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Charentais-type French melons would end up at the top of most best-melon lists.
The Melon-Squash Clan Is Liberated in Farmers Markets

From thin-skinned Israeli cantaloupe to yard-long Armenian cucumbers, a cucurbit for every taste

The cucurbit family is yet another line of crops that has been liberated by farmers markets. Take just the melon branch of the family. In the annual melon tasting at the markets sponsored by the Marin County Farmers Market Association each August, up to 20 varieties of melons are offered up. They range from deep-orange and musky to crunchy, sweet, almost-white varieties.

The Charentais-type French melons would end up toward the top of most best-melon lists, says Lynn Bagley, executive director of the Marin association. But other varieties have virtues of their own. Watermelons small enough that you can fit them into your refrigerator without evicting everything else – varieties such as the Minilee, Sugar Baby, and yellow-fleshed Yellow Doll -- are especially popular in farmers market.

What distinguishes many of the melons sold in farmers market is that they’re too thin-skinned. a trait familiar to market regulars. That means that even though they may taste great, they won’t make the cut for shipment to supermarkets.

Douglas Welburn, who grows five kinds of melons in the Fallbrook area for sale in Southern California farmers markets, counts Haogens in this category. A variety developed in Israel, they’re so fragile that "commercial growers can’t touch it," he says. Sid Weiser, whose family farms in the Lucerne Valley, back of Big Bear in San Bernardino County, mentions the Anana melon as an unusually flavorful variety that you probably won’t see anywhere but at a farmers market. Ananas presents a very narrow window of opportunity for harvesting. "You have one day to pick them before they go mushy," Weiser says.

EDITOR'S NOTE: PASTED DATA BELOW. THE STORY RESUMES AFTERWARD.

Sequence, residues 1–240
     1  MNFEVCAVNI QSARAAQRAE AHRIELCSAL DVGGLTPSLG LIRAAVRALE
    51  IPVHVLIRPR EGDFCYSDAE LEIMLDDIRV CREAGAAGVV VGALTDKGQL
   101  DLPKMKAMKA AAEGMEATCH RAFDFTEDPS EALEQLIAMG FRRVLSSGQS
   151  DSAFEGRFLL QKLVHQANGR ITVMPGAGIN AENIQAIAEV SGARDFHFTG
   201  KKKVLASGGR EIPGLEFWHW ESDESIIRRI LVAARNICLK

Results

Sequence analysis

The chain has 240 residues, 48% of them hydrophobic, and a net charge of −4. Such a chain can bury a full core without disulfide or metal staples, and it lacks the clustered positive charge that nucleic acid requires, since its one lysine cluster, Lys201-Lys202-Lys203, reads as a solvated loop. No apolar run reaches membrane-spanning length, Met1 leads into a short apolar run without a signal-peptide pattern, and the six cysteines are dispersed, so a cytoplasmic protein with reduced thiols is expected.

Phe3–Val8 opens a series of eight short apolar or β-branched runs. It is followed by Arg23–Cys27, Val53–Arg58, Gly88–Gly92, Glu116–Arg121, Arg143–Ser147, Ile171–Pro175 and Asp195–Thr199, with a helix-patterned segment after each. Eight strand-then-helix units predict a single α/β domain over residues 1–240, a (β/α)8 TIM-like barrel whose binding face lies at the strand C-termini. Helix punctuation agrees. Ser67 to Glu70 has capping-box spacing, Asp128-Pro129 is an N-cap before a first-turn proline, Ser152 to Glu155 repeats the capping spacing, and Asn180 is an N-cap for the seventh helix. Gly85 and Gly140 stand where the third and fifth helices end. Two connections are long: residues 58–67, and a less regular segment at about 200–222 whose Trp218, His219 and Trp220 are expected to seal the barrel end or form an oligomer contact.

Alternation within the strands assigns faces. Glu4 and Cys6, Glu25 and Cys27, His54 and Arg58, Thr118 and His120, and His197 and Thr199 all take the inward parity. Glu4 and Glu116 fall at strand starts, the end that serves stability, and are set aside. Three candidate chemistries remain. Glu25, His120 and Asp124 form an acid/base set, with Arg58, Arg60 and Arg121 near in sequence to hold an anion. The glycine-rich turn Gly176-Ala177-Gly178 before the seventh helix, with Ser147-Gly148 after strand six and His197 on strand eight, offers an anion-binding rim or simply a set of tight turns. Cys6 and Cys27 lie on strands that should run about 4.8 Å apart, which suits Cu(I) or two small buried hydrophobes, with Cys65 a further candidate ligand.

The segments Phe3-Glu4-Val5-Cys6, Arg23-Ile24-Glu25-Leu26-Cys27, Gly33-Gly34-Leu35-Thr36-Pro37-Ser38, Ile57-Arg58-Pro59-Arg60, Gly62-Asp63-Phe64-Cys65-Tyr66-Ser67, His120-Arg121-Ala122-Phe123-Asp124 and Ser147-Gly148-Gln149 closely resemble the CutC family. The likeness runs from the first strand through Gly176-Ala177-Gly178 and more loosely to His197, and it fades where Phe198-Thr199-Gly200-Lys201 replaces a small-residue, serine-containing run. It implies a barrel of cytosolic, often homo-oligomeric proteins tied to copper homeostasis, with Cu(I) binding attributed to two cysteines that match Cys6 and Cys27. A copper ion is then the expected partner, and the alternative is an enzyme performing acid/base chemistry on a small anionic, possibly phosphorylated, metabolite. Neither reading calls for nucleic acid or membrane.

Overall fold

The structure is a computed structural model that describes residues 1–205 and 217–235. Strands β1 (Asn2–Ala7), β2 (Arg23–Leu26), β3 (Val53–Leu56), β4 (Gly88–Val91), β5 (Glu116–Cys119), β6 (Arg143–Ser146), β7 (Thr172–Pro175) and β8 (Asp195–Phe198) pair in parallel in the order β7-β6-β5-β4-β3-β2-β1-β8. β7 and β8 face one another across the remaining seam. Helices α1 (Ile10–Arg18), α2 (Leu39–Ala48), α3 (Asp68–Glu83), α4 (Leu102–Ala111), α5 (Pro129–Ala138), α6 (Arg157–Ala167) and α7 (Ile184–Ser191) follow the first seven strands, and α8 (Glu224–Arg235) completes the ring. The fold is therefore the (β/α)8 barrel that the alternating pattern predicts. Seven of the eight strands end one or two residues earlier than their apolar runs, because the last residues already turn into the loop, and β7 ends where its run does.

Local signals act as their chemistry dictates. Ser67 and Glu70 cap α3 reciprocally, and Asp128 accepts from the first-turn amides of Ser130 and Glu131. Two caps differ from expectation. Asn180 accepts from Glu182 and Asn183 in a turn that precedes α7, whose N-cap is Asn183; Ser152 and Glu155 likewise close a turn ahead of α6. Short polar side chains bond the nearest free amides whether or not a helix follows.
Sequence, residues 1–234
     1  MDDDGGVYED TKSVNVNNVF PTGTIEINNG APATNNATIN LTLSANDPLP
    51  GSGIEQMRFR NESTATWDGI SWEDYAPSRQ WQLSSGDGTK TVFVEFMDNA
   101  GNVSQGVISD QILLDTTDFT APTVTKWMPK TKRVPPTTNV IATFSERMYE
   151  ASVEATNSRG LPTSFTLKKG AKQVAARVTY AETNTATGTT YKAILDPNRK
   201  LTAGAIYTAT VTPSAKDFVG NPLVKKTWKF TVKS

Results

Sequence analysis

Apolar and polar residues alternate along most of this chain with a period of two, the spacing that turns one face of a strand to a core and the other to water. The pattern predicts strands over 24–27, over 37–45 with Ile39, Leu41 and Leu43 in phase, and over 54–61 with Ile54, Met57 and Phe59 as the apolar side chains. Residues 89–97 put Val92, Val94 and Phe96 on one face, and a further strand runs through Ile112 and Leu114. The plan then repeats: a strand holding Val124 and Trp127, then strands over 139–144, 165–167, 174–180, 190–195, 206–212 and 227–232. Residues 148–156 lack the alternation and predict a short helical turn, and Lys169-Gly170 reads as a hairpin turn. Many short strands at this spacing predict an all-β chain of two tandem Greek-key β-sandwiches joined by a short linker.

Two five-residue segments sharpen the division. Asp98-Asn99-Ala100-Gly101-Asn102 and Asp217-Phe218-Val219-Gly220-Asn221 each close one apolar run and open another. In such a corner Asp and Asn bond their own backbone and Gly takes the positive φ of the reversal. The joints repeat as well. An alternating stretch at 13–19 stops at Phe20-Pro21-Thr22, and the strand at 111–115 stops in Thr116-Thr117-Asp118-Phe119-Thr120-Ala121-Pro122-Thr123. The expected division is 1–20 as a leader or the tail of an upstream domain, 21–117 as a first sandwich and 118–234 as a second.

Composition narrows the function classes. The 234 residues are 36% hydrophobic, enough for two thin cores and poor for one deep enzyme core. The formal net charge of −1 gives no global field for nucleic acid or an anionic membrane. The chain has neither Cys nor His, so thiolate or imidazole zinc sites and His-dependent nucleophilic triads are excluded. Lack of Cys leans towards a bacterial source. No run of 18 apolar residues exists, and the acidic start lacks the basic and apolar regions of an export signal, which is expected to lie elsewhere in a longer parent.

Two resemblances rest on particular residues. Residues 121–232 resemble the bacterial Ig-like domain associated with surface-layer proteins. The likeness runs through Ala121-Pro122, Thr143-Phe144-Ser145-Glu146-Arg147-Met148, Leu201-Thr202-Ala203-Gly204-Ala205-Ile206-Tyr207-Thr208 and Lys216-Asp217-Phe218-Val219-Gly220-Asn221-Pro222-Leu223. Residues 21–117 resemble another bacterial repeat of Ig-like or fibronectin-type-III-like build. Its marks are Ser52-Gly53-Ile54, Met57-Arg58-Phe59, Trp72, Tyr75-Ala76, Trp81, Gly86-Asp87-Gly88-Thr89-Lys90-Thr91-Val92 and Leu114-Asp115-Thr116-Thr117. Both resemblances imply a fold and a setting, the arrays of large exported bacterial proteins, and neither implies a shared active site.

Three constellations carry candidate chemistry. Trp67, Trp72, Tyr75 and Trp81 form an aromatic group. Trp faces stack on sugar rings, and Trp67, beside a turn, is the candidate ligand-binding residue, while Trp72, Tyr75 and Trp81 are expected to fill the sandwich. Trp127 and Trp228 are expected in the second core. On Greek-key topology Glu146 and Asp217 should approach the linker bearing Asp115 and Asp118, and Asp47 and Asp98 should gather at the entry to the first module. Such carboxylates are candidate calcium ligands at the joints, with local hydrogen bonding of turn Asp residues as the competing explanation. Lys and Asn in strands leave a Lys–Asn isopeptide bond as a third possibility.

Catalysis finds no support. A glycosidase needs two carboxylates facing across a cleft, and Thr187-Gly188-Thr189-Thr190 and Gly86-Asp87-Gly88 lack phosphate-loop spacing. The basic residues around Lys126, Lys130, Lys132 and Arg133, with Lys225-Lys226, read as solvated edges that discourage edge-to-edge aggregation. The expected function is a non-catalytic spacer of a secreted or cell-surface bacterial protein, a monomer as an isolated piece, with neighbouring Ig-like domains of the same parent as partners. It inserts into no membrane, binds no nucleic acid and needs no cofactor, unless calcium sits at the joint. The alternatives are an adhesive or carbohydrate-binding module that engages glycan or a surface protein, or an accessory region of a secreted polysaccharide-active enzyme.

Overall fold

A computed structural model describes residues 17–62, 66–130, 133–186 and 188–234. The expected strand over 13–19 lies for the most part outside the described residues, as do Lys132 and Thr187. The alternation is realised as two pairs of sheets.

And that’s just a few of the melons. The cucurbit family also includes the multitude of squashes and cucumbers, which appear in countless variations in farmers market this time of year.

Alex and Vilma Causey, who farm near Dinuba and sell in markets in both Northern and Southern California, recently had a diverse array of four unusual cucurbits on display: Minilee watermelons, bitter melons and Opo white squash from China, and Armenian cucumbers up to three feet in length. "Husband beaters," Alex Causey called the latter.

They’re normally eaten at six or eight inches in length. But they stay quite tender even at walking-stick length. Causey, who lived in the Philippines for years, has this exotic recommendation for how to use them. Chill them in the refrigerator then grate the cucumbers, adding mackerel roe, fish flakes and soy sauce.

Copyright 1997 Seasonal Chef